Legendary Black performer Ethel Waters lived in this apartment building from at least 1925 to 1927, when she was well known in Harlem’s lesbian circles.

During this time, an important literary salon in the building hosted several notable gay figures of the Harlem Renaissance.

Header Photo
Credit: Christopher D. Brazee/NYC LGBT Historic Sites Project, 2016.


During an era of racial segregation, pioneering African-American singer and actress Ethel Waters (1896-1977) achieved stardom in theater, radio, movies, and television. Her career in New York began in 1919 when she moved to Harlem and performed at such popular venues as the Lafayette Theater (demolished) on West 132nd Street and the Lincoln Theater (façade since altered) at 58 West 135th Street.

By at least 1925, Waters was living in a seven-room apartment at 580 St. Nicholas Avenue in Harlem’s Sugar Hill section. The building had become one of the neighborhood’s most prestigious addresses for prominent African Americans around that time. First a blues singer, she recorded numerous hit songs during this time, including “Dinah” (1925), “I’ve Found a New Baby” (1926), and “Am I Blue?” (1927).

In 1925, Waters replaced popular Black star Florence Mills at the Plantation Club, a nightclub formerly part of Broadway’s Winter Garden Theater. She made her Broadway debut in Africana (1927) at Daly’s 63rd Street Theatre (demolished), which soon moved to the National Theatre (now Nederlander Theatre). Her performance in the short-lived revue caught the attention of lyricist Irving Berlin, who would later cast her as the only major Black performer in As Thousands Cheer, a huge Broadway hit in 1933. Berlin had also been impressed with her “Stormy Weather” act with Duke Ellington at the whites-only Cotton Club (demolished) in Harlem.

After Waters found success in Hollywood and her fame grew she never publicly acknowledged her homosexuality, likely because — as with other closeted stars then and to this day — she feared it would ruin her career. However, in the early 1920s, she lived with her girlfriend, dancer Ethel Williams, and was well known in Harlem’s lesbian circles. Fellow entertainer Mabel Hampton called them “the two Ethels” and later recalled spending time with them and other lesbian blues singers in Harlem.

They were all in the life [gay]. I wouldn’t have been meeting them if they hadn’t!

Mabel Hampton, in Beyond Stonewall (1984)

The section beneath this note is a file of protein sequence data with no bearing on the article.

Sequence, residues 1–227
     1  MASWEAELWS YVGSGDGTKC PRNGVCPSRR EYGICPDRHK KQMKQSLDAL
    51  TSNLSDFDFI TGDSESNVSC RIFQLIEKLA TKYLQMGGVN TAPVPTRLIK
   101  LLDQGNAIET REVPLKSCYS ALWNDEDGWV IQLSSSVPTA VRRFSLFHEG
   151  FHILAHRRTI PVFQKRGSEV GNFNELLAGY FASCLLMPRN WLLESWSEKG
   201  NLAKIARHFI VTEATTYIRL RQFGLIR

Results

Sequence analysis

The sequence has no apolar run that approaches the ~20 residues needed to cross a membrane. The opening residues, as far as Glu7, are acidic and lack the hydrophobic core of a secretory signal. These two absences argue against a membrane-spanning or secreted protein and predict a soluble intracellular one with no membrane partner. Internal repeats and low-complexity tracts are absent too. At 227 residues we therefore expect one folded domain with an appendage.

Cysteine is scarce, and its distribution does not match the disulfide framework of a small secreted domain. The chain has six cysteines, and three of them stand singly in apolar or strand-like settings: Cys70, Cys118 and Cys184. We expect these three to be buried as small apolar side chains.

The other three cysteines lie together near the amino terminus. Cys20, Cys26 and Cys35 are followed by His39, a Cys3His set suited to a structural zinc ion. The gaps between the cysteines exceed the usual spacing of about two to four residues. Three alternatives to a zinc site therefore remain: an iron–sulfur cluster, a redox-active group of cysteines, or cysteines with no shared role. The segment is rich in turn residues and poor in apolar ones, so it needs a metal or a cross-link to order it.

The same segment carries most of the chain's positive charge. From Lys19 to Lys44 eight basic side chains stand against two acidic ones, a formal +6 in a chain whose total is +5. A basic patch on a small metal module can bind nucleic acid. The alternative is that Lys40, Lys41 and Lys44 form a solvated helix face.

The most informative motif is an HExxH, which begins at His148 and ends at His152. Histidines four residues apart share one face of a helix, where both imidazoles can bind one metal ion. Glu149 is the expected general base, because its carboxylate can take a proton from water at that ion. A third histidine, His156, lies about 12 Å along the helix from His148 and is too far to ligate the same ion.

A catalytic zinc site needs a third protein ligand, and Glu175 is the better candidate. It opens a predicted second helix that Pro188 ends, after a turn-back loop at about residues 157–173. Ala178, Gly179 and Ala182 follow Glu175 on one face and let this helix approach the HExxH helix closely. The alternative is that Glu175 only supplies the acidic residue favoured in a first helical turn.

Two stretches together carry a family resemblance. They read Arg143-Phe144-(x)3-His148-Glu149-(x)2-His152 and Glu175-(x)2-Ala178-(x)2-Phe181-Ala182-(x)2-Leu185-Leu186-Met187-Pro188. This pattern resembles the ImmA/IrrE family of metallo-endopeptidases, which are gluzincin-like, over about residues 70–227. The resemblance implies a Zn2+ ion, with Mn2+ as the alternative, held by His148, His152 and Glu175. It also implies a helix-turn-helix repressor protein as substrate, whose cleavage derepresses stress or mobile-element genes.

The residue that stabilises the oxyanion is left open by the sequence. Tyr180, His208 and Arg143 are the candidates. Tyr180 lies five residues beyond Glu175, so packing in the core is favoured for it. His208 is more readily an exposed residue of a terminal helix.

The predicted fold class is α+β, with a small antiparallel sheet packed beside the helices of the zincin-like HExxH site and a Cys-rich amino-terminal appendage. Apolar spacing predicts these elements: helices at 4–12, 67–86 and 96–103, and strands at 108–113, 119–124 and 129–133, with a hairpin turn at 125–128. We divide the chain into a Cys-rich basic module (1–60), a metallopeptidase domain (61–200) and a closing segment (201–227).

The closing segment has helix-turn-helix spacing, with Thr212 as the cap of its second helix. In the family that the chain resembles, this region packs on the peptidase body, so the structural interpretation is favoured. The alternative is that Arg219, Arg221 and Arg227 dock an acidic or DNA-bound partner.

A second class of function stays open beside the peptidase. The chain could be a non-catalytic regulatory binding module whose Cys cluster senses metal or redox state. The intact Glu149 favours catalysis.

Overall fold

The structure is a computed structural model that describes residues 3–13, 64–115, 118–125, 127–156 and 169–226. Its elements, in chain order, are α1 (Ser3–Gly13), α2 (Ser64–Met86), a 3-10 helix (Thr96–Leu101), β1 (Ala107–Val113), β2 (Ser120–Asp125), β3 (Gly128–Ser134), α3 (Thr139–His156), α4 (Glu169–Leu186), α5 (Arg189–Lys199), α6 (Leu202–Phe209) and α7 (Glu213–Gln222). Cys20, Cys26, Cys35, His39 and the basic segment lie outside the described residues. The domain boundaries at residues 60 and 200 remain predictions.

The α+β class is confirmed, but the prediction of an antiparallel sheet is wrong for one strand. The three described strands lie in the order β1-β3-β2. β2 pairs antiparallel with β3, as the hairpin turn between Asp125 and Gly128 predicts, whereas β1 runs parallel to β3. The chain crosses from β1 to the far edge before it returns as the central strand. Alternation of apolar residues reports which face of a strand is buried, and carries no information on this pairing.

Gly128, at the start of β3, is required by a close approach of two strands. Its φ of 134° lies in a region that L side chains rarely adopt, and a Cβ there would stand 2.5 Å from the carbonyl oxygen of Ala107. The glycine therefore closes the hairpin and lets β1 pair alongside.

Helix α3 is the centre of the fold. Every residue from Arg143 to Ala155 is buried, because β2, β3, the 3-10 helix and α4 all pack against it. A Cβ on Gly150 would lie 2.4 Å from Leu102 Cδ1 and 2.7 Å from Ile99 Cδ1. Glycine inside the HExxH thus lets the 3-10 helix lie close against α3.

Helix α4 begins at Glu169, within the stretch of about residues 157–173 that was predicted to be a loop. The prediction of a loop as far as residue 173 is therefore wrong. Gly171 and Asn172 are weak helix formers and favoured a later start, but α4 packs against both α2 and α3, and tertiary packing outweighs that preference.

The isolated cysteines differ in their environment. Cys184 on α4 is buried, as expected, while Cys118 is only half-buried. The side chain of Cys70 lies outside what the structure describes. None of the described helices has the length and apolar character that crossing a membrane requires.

Other known residences of Ethel Waters include 204 West 137th Street (by 1930), 352 West 115th Street (from around 1935 to at least 1940), and 190 New York Avenue in Crown Heights, Brooklyn (in the 1950s).

On St. Nicholas Avenue, Waters lived across the hall from an important literary salon led by influential 135th Street branch librarian Regina Anderson from 1924 to 1926 (though Waters did not attend). The salon, also known as “Dream Haven,” hosted many artists, writers, and intellectuals of the Harlem Renaissance, including scholar Alain Locke and poets Langston Hughes and Countee CullenCarl Van Vechten, a white patron of the Harlem Renaissance, visited and reportedly based his controversial book Nigger Heaven on it. He was banned from the salon after its publication in 1926.

Entry by Amanda Davis, project manager (March 2017).

NOTE: Names above in bold indicate LGBT people.

Building Information

  • Architect or Builder: Robert T. Lyons
  • Year Built: 1913


  1. Cary D. Wintz and Paul Finkelman, eds., Encyclopedia of the Harlem Renaissance (New York: Routledge, 2004).

  2. Donald Bogle, Heat Wave: The Life and Career of Ethel Waters (New York: HarperCollins, 2011).

  3. “Display Ad 49 – No Title,” The New York Times, July 26, 1914, p. RD8.

  4. Emily Bernard, Carl Van Vechten and the Harlem Renaissance: A Portrait in Black and White (New Haven, CT: Yale University Press, 2012).

  5. Ethel Waters with Charles Samuels, His Eye on the Sparrow (New York: Da Capo Press, 1992).

  6. New York State Census (1925) and United States Census (1930 and 1940).

  7. Stephen Bourne, Ethel Waters: Stormy Weather (Lanham, MD: Scarecrow Press, 2007).

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Curated Themes

21 Sites

Spotlight on the Theater

11 Sites

Influential Black New Yorkers

13 Sites

The Harlem Renaissance

15 Sites

Film & Television

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